Unit 07: Polyvalent Models

Unit brief

This year, the unit will focus on the practice of architecture as a partially autonomous discipline. A degree of autonomy in the design process can enable a more holistic way of approaching a project and greater clarity in defining design intentions. Though we have great sympathy with the idea of design as a response to its immediate and broader context, we think that it is sometimes useful to approach design from the opposite direction, to apply a pre-defined model to place and to see what dialogue emerges.

The pre-defined model that we are interested in is characterised by polyvalence – meaning that it should be able to adapt, with minimal modification, to accommodate different uses. This thesis will be tested in two projects at different scales.

The first will be to collectively design and self-build a polyvalent structure made of grown materials, timber and hemp, at full scale on land at Margent Farm in Cambridgeshire. The project will build on research and built projects undertaken by Practice Architecture on land bought by its owner to explore the cultivation of hemp and its use in products that range from packaging to construction components. You will be introduced to significant new research in material culture that looks at how different parts of the plant can be combined to make stiff composites. The construction period will be compact and take place in two phases.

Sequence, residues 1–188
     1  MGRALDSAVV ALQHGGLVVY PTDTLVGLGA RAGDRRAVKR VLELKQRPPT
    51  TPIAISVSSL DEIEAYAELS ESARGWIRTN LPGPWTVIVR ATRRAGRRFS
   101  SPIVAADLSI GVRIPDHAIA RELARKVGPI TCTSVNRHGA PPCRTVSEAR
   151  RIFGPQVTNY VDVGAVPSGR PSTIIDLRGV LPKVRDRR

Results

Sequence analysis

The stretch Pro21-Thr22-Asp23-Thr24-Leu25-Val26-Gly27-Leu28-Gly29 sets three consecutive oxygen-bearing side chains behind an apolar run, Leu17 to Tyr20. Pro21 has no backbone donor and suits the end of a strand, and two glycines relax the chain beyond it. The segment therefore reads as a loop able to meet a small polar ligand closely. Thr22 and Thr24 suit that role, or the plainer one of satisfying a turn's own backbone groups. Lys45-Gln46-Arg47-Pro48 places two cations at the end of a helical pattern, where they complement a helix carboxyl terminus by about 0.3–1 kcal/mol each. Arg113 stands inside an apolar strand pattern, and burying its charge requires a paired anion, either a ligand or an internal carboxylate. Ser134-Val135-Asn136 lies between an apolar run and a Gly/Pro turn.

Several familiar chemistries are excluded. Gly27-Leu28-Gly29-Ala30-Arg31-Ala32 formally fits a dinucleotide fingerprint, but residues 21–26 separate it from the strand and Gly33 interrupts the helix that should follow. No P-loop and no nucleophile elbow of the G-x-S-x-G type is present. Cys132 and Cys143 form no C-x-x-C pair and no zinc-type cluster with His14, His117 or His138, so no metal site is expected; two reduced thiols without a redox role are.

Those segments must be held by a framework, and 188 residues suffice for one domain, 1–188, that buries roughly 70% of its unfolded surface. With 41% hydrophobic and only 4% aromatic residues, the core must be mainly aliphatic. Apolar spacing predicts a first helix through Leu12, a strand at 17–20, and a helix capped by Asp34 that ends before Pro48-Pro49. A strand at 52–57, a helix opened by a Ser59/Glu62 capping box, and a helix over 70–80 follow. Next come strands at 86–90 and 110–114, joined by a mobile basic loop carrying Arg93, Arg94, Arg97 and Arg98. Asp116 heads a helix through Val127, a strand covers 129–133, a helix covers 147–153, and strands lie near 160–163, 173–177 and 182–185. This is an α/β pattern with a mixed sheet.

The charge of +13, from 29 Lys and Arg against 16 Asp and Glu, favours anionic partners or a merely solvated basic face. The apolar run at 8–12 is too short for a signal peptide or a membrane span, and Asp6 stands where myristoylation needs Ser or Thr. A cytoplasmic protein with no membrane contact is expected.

The major project will address polyvalency at the scale of the city in the design of a model that could be adapted to accommodate programmes of dwelling, education and work. The polyvalent model will be developed through a number of iterations that will be considered initially as autonomous from place but contingent to the following issues:

  • material selection (their sources, capabilities and impact on the environment)
  • the setting out of structure (the permanent)
  • the composition of space (the permanent or mutable)
  • the route taken by services (the necessarily adaptable)
  • the external expression (necessary for architectural probity)

The next phase of the major project will look at how the model might be adapted further when applied to sites inside and at the edges of social housing estates in London above the 100-year flood plain.

The unit continues to be concerned with how material and industrial cultures will shape the world in the near future and are still driven by a desire to intelligently and creatively challenge the regulations, supply chains and processes that to a large extent prescribe how the buildings we inhabit are made, function and feel.

 

Image: Hempcrete & Oak Columns, 1:10 model. Joseph Bodansky, 2014

Hempcrete and Oak Columns

Details

Course
Tutors David Grandorge
Paloma Gormley 
Where Goulston Street
Room GS1-16
When Monday and Thursday

 

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